Professor Bill Ashcraft
United States History I
October 13, 2013
Analysis Paper #1 The 1600’s was a period of time where the American colonies began to form solid sovereign states. In an effort to find profitable resources that can be used to send back to Europe, one Virginia colonist John Rolfe started experimenting with tobacco in 1612 seeing how well it fared in the Southern soil which inevitably yielded favorable results. Upon this discovery, the tobacco industry led its engines at full steam ahead. In 1615, an estimated 2,000 pounds was exported which grew over the next 14 years to 1.5 million pounds (Lawson, 44). This rapid increase was a result of poor immigrants coming from Europe under the conditions of indentured servitude which allowed them to work off their passage to the New World. As the market increased the demand for more crops by raising the prices on tobacco, plantation owners were always looking for ways to expand their farm land and increase the amount of labor in order to keep up the demand to ensure a more profitable situation.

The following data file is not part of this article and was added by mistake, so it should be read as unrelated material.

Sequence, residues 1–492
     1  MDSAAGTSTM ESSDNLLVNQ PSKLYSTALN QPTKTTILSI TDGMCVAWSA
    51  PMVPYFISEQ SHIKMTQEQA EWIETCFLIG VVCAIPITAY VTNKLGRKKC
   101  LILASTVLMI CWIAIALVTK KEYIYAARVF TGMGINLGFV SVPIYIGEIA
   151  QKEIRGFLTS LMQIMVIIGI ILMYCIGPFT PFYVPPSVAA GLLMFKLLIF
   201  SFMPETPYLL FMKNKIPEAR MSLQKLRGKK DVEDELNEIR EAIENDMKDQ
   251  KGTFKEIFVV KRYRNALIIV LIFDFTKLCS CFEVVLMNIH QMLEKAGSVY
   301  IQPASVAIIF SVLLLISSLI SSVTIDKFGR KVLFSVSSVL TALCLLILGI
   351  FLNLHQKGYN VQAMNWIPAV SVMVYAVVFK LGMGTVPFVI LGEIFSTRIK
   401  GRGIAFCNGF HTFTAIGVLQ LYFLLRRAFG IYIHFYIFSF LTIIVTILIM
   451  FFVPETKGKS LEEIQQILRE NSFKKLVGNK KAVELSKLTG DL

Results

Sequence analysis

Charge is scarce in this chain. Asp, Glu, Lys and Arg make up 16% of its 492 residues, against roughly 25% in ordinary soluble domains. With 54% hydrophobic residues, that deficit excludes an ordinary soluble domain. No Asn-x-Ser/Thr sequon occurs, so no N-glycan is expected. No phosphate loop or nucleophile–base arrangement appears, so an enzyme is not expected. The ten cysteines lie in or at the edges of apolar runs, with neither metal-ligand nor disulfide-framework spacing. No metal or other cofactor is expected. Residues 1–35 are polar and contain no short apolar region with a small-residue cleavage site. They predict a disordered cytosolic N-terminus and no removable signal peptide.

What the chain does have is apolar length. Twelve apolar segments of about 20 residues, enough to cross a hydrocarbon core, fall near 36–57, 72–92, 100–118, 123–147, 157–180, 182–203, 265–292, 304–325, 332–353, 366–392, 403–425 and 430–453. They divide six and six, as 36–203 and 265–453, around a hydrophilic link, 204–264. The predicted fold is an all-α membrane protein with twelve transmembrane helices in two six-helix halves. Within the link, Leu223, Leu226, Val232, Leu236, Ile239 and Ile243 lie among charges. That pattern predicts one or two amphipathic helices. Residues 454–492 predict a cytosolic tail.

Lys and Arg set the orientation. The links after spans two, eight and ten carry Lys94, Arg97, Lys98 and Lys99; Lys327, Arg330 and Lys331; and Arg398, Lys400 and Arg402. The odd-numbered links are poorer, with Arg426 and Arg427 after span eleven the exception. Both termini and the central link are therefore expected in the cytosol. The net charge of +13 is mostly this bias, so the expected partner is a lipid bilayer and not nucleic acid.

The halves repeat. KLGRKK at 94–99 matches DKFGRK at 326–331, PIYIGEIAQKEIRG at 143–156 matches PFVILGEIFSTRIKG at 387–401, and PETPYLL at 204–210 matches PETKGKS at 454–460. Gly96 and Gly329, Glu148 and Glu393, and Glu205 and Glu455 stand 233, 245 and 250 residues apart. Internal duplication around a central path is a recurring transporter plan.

In 1660, the House of Burgess passed an act that allowed African laborers to be enslaved. This historical turning point caused a massive increase in the amount of Africans that were forcefully taken from their homelands by ships and taken on boats to various parts of the
Shugarts 2 world to be sold to business owners. Their wishes for cheap, reliable labor were answered. As the economic status of England improved, the amount of indentured servants being imported to the colonies declined and many of those who worked off their servitude became free men and women which left gaps in the work force which was gradually being replaced by African slaves. By the 1720’s, other forms of laborers emerged. Apprentices, who learned trades from master craftsmen, convicts of Britain’s overcrowded prisons and immigrants known as “redemptioners”, those who worked a deal with shipping agents by
Bibliography: Lawson, Steven F. "Colonization and Conflicts." Exploring American Histories. By Nancy A. Hewitt. Vol. 1. N.p.: Bedford/St. Martin 's, 2013. 44. Print.